Roll on the New Year…
This month’s missive is relatively short as it is the time of year to be jolly and there is nothing going on in the markets that would create that emotion. I will be glad to see the back of 2018 as I think shambolic is probably an apt description of the kind of year it has been.
When you consider what we have had to endure from our elected representatives it is a surprise markets haven’t fallen further. In the UK we have had nothing but Brexit until we are all sick to the back teeth of it, with businesses simply wanting to know what the future holds for them after 29 March. We are crying out for strong leadership but this seems to be in short supply on either side of the political divide.
In the US we have President Trump and his trade wars which are soon going to move from rhetoric to reality unless a deal with China can be negotiated. Virtually every member of his Cabinet has resigned in the last twelve months, not so different to the UK. No need to oil the hinges on the White House and Downing Street doors!
The US stockmarket fell 3% on Christmas Eve and rose by 5% on Boxing Day and is evidence of the role computers are playing in moving markets. In the good old days where human decision making moved share prices, Christmas was a period where next to nothing happened, however when you design an algorithm that will react to certain market movements it doesn’t care if it is Christmas Eve or Hogmanay.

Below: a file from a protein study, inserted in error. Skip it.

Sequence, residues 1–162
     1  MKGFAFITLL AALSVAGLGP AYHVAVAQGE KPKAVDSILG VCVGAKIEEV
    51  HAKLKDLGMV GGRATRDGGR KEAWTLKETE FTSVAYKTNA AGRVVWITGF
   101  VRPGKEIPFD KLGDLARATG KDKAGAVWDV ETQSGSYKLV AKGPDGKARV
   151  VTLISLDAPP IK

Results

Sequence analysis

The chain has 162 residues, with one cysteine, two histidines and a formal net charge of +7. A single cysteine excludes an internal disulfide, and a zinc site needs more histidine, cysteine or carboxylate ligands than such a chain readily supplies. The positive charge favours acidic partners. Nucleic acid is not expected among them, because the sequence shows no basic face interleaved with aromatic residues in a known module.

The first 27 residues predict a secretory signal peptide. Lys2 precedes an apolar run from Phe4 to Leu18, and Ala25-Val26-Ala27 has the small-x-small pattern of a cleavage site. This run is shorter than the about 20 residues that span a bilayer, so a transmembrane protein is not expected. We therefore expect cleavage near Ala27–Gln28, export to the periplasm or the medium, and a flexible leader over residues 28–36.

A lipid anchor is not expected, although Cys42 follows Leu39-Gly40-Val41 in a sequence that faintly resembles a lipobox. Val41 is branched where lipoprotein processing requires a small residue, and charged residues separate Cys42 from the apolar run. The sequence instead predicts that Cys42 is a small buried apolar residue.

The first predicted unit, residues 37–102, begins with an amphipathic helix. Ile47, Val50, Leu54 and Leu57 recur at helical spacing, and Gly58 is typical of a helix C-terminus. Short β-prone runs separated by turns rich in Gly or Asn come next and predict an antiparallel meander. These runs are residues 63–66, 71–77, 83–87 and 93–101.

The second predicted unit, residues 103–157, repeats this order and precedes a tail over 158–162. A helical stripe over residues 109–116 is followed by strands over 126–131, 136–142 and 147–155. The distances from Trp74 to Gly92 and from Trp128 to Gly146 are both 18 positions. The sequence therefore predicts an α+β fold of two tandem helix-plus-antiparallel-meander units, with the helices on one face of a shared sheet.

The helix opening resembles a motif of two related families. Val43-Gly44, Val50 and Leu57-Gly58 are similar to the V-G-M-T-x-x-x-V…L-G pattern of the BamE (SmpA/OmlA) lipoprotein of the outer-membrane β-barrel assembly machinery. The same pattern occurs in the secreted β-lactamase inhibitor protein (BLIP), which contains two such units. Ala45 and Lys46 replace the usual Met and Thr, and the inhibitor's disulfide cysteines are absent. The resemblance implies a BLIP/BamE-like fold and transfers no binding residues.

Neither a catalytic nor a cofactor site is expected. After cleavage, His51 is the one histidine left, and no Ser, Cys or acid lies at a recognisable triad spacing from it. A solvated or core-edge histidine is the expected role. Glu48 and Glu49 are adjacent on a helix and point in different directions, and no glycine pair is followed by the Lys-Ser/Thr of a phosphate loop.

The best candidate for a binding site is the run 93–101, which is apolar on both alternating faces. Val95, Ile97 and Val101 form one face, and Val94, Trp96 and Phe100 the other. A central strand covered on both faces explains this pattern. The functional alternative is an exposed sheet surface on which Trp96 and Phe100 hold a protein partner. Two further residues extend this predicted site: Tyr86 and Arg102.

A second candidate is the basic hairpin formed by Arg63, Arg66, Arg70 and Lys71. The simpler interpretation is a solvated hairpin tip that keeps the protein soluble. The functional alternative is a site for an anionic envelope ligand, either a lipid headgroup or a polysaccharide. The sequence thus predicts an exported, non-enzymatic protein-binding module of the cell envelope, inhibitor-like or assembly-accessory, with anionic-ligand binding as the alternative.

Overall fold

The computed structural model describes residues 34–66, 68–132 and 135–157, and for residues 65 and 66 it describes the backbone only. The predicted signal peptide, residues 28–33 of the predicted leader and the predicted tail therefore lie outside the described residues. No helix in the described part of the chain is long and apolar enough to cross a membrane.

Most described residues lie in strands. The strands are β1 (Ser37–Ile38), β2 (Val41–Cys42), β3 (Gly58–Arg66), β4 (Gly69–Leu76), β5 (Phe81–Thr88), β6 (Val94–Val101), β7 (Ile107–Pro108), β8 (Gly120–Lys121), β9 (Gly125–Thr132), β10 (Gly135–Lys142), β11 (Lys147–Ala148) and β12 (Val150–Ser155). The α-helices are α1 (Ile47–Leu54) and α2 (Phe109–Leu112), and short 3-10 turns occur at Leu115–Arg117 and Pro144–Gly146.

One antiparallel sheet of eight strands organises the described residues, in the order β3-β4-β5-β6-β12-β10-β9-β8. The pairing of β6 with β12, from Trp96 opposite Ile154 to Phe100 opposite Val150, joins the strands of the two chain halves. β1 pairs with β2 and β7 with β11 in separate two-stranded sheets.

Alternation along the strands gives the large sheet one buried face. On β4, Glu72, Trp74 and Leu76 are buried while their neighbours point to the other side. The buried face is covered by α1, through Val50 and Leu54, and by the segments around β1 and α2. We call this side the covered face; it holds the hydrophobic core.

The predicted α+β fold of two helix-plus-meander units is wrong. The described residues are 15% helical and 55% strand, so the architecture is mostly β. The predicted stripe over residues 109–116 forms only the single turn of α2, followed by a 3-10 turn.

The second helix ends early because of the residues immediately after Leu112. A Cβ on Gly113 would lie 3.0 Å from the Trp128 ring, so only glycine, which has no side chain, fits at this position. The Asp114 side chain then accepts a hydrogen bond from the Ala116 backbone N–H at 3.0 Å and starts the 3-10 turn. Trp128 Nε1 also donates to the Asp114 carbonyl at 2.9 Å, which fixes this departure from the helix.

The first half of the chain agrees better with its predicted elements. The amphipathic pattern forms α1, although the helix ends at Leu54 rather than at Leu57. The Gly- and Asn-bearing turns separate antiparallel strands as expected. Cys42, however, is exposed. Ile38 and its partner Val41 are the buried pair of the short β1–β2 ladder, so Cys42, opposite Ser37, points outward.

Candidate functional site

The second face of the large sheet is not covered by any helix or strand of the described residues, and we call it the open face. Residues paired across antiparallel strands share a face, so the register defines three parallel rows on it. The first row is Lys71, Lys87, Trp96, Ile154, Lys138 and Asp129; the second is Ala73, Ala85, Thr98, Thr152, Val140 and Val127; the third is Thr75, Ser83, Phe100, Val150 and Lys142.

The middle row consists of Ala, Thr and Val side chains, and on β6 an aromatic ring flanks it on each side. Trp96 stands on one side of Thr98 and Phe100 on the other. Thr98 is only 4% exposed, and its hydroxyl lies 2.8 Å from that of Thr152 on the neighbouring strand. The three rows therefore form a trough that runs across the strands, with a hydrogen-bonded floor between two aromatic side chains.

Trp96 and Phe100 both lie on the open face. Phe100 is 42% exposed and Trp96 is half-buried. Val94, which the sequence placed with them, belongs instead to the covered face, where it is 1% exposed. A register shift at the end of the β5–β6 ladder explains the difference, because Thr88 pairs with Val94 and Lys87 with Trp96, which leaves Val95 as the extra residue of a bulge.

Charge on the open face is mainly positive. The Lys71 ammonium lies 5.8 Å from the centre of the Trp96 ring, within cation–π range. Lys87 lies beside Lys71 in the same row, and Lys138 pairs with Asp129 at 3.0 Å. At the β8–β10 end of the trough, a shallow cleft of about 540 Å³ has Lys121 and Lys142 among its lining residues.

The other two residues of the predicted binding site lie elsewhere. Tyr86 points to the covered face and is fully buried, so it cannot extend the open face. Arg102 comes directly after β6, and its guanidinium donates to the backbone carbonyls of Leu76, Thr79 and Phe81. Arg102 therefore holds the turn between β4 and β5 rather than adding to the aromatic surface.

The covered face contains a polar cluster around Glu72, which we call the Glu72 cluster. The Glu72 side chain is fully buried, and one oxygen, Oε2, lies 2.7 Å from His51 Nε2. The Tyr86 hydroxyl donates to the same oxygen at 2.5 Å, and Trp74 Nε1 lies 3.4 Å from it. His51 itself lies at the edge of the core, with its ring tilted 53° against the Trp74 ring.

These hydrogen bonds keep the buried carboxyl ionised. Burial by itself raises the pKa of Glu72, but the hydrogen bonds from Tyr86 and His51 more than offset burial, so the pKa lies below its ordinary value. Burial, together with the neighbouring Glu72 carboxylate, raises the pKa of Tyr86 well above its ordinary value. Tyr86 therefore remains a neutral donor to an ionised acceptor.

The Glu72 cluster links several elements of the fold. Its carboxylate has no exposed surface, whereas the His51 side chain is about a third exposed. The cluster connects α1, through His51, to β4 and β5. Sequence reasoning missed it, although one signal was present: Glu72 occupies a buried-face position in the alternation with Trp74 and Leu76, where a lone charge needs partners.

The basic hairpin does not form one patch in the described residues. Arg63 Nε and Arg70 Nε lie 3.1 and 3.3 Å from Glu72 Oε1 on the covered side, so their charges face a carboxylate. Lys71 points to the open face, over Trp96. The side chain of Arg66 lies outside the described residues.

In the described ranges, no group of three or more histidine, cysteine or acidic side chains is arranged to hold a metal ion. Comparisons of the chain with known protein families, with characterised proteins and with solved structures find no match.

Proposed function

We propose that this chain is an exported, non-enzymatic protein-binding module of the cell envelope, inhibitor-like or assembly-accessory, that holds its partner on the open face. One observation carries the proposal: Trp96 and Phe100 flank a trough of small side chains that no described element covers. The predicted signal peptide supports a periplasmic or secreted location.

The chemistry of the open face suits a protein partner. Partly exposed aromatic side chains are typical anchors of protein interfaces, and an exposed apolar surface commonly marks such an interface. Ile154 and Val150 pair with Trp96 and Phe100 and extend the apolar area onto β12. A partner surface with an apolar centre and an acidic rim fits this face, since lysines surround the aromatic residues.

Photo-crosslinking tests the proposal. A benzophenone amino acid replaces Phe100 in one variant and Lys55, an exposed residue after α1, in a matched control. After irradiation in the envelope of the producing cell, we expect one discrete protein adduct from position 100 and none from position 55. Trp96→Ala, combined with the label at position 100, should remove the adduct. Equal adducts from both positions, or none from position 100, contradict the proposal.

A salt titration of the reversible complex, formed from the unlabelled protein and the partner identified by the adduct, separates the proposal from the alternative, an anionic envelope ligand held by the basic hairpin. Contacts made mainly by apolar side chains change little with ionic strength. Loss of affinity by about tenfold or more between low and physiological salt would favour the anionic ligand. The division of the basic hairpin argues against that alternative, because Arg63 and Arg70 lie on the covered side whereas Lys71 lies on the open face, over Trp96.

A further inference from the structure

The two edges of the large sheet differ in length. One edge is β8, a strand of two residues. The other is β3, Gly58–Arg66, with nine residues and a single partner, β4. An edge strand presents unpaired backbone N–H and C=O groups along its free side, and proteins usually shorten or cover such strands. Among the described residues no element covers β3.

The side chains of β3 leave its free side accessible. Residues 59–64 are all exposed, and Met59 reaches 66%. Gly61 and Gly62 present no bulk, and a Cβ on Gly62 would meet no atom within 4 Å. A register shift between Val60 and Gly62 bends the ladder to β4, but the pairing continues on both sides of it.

Ned Davis Research are suggesting this volatility could continue for another few months. However, and this is where the Christmas cheer kicks in, they anticipate we will see a recovery around March/April time with the remainder of 2019 being positive. Now I do not know if they will be correct. Who does? We may see recovery in the next few days or it could be later than April. However, periods such as this do not last forever and trying to guess (as that’s what it is) when to come out and go back in is a mug’s game, especially when markets are moving as rapidly in both directions as they are at present.
No – a good New Year’s resolution would be to ignore what is happening in the markets. Your valuations when you get them are only showing what you would receive if you were to sell up. Given most of you will be invested for the rest of your life these quarterly statements are snapshots but somewhat irrelevant (and always out of date by the time you receive them) and therefore making decisions on the strength of them is unlikely to be wise.
So, roll on the end of 2018 and I wish you all a very happy and, more importantly, healthy 2019.